Damsel In Distress

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My neighbor Erin was concerned. The morning sun was barely peeking over the trees when she knocked on my sunroom door to enlist my help.

I put down my book — the ancient tale of Don Quixote tilting at windmills and saving damsels in distress — and followed Erin to a cherry tree in her backyard. The tree was draped in plastic netting to deter birds from pillaging its fruits. But the netting had snagged another poor soul.

“I wasn’t sure if it’s poisonous,” Erin said. One look and I confirmed it was a garter snake, harmless to humans but hungry for a meal. It had crawled into the tree for the same reason Willie Sutton broke into banks: “because that’s where the money is.” In the snake’s case, the currency is bugs drawn to the ripening cherries. Judging from the snake’s girth, I figured it was a female, full of eggs, simply on a mission to find food when she was ensnared in this trap.

A damsel in distress.

If you’re lucky, you have these serpents in your backyard. You can hate them and fear them and chop off their heads, but in the grand scheme of the cosmos, a garter snake is less toxic to your kids than the chemicals in your garage. And they may be more efficient pest predators than your pet. They don’t really eat mice — they leave those to bigger serpents such as black snakes and rat snakes — but they love to eat slugs at night when slugs are munching their way through your lettuce, your hostas and your other garden treasures.

Erin already had cut as much of the plastic fishnet as she could away from the snake before I arrived on the scene. The snake lay prostrate, still hopelessly entangled. Erin’s cat paced nearby, meowing constantly, assuring us that if we’d leave this snake with her for a few minutes, she’d put the animal out of

its misery.

Neither Erin nor I considered killing the snake. Our goal was to free the terrified animal.

I put on leather gloves while Erin found special scissors normally used to pull sutures out of healed gashes in your skin. Erin is a nurse; in a prior job, she “pulled stitches out of the faces of prison inmates who got into fights.”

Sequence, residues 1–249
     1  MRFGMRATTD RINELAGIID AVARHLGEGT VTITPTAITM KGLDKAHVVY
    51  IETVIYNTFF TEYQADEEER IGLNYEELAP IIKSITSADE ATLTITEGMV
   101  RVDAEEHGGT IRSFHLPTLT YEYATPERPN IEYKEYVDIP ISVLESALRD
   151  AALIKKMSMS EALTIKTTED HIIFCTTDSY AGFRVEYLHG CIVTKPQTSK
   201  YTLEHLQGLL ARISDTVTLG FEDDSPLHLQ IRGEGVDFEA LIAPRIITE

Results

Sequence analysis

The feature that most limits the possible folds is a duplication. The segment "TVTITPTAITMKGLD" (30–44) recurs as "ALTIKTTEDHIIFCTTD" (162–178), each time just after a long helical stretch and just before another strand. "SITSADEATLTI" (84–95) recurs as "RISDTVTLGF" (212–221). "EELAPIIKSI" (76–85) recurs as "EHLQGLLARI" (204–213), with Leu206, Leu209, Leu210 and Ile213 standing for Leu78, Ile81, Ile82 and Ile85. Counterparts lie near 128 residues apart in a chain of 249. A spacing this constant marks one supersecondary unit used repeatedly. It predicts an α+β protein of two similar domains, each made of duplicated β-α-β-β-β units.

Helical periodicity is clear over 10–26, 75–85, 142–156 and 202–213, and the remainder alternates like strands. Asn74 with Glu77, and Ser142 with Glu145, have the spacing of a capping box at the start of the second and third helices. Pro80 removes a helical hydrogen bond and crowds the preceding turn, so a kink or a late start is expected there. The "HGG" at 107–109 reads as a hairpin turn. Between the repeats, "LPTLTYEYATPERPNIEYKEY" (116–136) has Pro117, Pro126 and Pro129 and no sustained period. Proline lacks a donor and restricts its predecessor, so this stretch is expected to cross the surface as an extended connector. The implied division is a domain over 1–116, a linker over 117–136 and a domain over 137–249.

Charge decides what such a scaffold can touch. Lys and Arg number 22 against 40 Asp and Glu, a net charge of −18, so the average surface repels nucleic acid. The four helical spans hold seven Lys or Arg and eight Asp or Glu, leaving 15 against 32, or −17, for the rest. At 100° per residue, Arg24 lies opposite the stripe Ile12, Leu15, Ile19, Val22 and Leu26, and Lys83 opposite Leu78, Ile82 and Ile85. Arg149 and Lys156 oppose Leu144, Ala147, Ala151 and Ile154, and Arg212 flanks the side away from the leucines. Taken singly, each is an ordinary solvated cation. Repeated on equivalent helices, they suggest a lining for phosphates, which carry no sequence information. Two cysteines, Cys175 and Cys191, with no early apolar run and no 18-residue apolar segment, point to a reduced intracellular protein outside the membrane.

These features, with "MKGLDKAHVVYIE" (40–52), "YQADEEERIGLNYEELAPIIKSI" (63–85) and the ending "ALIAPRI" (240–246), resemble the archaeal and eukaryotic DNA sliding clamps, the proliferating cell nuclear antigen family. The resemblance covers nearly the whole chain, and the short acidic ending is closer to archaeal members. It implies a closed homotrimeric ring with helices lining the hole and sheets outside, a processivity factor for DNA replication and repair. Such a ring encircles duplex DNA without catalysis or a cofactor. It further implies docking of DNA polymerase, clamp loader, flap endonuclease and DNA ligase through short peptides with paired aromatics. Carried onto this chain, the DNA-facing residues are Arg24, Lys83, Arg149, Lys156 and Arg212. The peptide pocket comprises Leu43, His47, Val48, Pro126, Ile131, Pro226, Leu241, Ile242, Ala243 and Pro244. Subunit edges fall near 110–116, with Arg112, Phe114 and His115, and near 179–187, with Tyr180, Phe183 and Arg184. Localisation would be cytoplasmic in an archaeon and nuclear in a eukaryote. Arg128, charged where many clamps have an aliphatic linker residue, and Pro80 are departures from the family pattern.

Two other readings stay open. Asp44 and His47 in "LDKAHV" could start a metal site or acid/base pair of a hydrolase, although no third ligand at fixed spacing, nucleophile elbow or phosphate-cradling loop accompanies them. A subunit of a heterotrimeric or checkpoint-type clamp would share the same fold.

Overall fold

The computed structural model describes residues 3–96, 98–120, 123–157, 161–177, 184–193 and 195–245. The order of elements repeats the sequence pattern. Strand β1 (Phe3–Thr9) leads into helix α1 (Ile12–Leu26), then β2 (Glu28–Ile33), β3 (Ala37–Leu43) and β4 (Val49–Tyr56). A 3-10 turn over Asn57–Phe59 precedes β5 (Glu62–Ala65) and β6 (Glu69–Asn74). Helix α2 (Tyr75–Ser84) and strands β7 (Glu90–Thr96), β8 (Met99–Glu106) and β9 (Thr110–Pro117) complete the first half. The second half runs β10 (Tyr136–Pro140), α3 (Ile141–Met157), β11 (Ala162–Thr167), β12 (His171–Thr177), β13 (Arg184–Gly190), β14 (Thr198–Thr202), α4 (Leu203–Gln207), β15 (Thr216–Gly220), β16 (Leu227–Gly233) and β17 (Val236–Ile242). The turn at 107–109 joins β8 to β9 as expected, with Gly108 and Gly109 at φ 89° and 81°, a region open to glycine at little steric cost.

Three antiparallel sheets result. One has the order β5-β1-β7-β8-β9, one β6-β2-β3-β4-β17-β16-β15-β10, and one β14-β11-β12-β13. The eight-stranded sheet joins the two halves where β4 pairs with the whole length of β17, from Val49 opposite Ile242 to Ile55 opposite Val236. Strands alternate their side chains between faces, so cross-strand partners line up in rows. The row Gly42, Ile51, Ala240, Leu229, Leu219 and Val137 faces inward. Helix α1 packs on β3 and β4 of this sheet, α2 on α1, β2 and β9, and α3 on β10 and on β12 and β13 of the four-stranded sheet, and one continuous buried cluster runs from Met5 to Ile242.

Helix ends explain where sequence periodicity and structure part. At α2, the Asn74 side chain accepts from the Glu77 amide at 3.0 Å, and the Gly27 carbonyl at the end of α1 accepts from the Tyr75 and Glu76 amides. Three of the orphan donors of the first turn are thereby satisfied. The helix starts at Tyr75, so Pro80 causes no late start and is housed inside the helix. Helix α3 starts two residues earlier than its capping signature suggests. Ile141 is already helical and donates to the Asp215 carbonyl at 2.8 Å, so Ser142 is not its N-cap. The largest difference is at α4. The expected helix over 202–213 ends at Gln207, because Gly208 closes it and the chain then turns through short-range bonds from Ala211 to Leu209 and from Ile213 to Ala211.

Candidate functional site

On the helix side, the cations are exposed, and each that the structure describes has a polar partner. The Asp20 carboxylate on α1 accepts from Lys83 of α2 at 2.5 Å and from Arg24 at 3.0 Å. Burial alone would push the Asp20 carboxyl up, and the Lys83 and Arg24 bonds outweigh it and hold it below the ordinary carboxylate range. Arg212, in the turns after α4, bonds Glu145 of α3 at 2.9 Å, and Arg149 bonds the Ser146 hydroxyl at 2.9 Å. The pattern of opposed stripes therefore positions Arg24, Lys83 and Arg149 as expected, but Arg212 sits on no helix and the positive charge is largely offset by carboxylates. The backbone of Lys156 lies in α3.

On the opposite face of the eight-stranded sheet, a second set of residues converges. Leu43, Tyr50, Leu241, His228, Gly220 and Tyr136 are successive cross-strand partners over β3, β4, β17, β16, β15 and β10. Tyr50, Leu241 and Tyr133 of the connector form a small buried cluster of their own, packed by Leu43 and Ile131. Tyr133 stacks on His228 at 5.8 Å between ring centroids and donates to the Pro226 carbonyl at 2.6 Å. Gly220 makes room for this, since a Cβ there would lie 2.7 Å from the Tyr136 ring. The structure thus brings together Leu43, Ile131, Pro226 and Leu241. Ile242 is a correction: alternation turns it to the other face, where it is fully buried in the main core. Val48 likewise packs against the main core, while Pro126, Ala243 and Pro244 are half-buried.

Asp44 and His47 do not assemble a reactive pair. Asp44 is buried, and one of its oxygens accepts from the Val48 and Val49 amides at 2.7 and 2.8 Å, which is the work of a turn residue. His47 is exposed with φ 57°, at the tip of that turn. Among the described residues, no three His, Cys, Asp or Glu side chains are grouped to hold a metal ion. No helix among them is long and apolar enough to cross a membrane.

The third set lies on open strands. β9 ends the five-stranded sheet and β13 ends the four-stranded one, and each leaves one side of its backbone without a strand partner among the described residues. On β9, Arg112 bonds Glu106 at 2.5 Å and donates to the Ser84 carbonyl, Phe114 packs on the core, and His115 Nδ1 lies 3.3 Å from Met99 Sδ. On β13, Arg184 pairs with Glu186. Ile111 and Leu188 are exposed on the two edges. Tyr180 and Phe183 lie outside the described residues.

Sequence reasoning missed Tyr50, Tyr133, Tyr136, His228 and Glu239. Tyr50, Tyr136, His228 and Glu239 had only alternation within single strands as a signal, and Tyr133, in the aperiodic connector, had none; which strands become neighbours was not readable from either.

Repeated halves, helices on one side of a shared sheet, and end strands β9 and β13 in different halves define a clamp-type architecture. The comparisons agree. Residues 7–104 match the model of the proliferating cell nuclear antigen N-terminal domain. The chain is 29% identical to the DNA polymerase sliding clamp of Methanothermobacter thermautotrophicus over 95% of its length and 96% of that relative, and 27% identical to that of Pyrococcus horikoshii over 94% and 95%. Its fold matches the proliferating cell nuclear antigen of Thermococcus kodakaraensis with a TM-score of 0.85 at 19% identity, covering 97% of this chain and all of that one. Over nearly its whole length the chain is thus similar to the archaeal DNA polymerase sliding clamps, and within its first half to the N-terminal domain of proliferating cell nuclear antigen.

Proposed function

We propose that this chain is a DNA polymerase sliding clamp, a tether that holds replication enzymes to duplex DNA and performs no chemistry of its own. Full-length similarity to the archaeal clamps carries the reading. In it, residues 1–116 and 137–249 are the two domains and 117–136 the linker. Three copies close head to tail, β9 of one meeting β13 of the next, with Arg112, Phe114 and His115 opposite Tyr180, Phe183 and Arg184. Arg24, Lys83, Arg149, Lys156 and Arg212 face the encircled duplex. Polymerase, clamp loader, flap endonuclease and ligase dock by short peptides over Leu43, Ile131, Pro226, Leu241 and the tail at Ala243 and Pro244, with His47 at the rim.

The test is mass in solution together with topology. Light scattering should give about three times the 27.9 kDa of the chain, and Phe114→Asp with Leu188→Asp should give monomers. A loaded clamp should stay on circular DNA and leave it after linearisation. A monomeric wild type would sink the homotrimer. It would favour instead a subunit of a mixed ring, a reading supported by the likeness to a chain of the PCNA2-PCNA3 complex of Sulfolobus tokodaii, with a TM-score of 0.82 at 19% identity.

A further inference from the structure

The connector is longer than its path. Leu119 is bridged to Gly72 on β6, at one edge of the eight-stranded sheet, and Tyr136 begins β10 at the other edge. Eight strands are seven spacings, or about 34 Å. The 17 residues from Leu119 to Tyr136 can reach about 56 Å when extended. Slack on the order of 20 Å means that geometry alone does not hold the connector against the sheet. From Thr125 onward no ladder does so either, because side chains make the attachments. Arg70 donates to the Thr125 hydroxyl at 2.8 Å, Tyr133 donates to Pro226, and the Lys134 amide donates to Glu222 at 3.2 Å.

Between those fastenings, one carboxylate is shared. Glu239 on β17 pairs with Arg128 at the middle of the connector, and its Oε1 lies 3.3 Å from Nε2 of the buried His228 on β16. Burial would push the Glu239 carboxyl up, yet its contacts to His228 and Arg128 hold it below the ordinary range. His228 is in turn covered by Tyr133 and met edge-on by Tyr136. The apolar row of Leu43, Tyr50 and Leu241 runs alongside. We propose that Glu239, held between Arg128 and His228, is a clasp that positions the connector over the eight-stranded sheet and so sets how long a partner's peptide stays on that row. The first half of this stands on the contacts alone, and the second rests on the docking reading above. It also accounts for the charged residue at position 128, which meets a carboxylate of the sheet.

The snake was quiet until I picked her up. Then she wriggled and turned back to bite my glove. I’d been bitten by garter snakes as a kid and always thought the harmless teeth marks looked like a Barbie doll bite. Still, I moved quickly to hold her behind her head so she wouldn’t hurt herself.

Erin deftly slid the flat scissor blade between the plastic net and the animal’s skin — beautiful smooth skin that hadn’t been cut yet by the plastic. A dozen scissor snips later, the snake was free. I carried her to the back corner of the yard, a spot where she might regain her equilibrium, and reset her day.

I wondered what her next move might be. Would she move more cautiously? Would she hide until she shed her eggs? Would she end up back in the netting (which Erin had gathered closer to the fruits and away from the ground)?

I can’t be certain that the snake will survive the summer, but she made it through a morning snare that would’ve ended badly in all but a few backyards. Fact is, the approval rating for snakes is almost as low as for Congress. And saving a serpent may seem fruitless.

But not for me. Proud as Don Quixote — and just as content in this, my most recent quest — I returned to the sunroom to finish my book.

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